LONDON (Reuters) – With harsh lessons learnt from past Black Fridays, British retailers are stretching promotions over several weeks, aiming to smooth out consumer demand and reduce the pressure on supply and distribution networks.
People walk past a sign advertising Black Friday offers in the window of a Blacks outdoor clothing store in Manchester, Britain November 22 2019. REUTERS/Phil Noble
Brought over from the United States by Amazon (AMZN.O) in 2010, the annual event started as a single day of discounting before growing into a long weekend that took in ‘Cyber Monday’.
It then grew to a week or so either side and is now getting longer and longer, though after chaos and scuffles in stores in 2014 it is now predominantly an online affair.
“We’ve re-named Black Friday, November,” John Roberts, the chief executive of AO World (AO.L), the online electrical appliances retailer, told Reuters.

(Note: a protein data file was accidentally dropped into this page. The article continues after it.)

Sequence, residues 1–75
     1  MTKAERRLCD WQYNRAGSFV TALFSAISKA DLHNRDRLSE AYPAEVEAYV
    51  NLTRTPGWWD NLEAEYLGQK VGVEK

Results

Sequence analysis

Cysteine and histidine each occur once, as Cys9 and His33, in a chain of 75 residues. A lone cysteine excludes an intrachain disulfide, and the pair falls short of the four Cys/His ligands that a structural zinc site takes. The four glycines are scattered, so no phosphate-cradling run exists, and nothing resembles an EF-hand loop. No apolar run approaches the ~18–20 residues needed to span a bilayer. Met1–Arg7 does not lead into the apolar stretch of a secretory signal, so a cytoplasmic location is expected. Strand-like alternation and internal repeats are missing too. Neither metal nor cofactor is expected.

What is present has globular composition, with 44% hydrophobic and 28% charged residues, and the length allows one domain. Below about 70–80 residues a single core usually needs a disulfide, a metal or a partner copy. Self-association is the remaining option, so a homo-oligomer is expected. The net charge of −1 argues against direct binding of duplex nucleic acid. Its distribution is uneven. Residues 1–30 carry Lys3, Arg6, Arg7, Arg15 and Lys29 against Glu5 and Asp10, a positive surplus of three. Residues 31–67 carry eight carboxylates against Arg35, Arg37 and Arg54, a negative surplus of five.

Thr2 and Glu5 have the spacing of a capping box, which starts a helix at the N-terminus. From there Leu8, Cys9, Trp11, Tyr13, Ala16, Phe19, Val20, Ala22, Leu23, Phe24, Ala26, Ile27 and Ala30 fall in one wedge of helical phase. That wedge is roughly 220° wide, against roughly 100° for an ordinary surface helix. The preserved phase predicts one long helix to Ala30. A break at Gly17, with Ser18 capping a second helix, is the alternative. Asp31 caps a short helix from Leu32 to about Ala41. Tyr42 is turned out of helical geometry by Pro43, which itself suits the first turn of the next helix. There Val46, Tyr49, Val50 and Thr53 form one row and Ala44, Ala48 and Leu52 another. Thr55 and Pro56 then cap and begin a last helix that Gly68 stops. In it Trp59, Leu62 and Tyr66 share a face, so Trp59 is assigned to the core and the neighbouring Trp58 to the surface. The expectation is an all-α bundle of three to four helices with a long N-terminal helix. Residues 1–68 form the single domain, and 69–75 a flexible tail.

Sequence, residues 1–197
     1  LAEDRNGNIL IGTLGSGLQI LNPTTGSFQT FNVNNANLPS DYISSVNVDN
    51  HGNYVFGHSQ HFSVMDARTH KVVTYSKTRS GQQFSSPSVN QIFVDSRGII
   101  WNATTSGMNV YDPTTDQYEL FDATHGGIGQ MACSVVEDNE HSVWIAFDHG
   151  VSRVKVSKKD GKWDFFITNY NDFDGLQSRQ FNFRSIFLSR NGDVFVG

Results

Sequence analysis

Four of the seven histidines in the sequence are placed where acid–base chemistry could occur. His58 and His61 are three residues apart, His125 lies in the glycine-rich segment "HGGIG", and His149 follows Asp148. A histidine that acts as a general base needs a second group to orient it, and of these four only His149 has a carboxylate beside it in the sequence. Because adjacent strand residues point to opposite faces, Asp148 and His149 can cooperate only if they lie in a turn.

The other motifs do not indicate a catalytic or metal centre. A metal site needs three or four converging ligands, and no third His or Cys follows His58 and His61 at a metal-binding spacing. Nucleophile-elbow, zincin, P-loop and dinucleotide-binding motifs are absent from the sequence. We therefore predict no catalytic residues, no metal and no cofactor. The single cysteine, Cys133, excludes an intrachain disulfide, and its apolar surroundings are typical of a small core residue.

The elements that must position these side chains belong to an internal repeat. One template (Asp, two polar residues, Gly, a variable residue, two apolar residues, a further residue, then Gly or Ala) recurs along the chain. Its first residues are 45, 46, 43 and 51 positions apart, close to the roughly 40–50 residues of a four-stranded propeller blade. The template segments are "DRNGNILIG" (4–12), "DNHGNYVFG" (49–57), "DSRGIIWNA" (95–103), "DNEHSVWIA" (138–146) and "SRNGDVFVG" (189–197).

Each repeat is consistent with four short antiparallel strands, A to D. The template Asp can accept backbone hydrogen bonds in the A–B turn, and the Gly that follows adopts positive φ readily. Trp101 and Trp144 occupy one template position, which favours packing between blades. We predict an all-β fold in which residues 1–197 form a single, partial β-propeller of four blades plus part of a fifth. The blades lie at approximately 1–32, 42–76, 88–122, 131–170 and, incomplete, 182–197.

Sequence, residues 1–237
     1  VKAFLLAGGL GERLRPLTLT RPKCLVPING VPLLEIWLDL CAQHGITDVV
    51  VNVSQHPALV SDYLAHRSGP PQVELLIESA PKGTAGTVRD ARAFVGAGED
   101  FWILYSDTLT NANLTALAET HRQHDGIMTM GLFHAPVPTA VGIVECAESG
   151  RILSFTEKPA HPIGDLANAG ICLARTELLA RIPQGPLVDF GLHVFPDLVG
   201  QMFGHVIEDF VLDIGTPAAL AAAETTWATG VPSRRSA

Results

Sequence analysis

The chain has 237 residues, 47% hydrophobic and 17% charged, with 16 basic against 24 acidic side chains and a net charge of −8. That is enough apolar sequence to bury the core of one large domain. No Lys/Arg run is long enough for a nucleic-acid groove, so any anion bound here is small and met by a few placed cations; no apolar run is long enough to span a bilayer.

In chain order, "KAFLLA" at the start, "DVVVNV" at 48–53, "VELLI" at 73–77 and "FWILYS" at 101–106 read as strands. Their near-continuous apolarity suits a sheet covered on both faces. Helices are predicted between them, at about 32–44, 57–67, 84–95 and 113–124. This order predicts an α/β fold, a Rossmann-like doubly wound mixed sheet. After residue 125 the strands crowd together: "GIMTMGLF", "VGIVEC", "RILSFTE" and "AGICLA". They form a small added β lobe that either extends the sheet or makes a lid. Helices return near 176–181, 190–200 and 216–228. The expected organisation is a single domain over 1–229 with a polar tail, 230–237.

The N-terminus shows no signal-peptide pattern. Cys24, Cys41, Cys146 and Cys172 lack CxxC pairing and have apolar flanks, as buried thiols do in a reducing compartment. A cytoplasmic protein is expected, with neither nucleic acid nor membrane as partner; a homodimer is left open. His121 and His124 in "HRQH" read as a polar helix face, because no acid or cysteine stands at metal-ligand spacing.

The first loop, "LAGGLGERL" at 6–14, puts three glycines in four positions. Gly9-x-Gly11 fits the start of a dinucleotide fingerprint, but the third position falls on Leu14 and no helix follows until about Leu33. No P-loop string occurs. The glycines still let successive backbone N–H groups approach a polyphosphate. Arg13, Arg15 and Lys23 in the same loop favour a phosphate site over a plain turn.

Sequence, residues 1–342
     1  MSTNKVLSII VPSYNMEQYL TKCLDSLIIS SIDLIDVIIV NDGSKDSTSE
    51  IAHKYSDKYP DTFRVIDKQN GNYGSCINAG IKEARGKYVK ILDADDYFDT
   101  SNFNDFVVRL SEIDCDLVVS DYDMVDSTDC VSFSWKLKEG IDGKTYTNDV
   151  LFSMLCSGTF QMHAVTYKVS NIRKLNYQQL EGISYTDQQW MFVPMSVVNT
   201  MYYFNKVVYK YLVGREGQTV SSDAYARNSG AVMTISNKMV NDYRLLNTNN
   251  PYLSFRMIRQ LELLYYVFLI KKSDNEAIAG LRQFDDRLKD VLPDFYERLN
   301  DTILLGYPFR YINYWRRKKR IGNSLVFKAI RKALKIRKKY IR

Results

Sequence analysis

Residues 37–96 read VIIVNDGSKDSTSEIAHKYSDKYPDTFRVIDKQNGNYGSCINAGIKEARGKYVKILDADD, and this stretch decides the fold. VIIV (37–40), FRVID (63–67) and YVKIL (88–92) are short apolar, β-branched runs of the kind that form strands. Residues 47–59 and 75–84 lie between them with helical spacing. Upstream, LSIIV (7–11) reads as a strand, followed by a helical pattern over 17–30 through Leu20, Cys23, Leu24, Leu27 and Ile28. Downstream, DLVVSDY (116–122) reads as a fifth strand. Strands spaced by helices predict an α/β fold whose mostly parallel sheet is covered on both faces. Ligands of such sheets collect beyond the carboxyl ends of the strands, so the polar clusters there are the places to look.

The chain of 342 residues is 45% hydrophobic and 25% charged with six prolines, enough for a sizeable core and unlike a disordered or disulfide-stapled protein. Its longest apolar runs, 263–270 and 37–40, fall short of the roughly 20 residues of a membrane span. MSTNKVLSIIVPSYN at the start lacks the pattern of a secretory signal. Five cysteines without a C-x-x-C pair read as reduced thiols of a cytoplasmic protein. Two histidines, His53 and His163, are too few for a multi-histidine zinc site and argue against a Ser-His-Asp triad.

With recent consumer spending subdued, Brexit still unresolved and a looming national election creating new uncertainties, retailers are in need of a tonic. [nL8N27U3BU]
AO went live with Black Friday deals, such as a KitchenAid Artisan Stand Mixer reduced from 449 pounds ($578) to 279 pounds, on Nov. 13 and some deals will run into December.
Dixons Carphone (DC.L), Britain’s biggest electricals and mobile phones retailer, launched a first wave of promotions on Nov. 13 on products such as laptops, TVs and vacuum cleaners, and deals will run for a few days after Black Friday itself on Nov. 29.
Amazon’s Black Friday Sale runs for eight days from Nov. 22, but it has been running early Black Friday deals this week.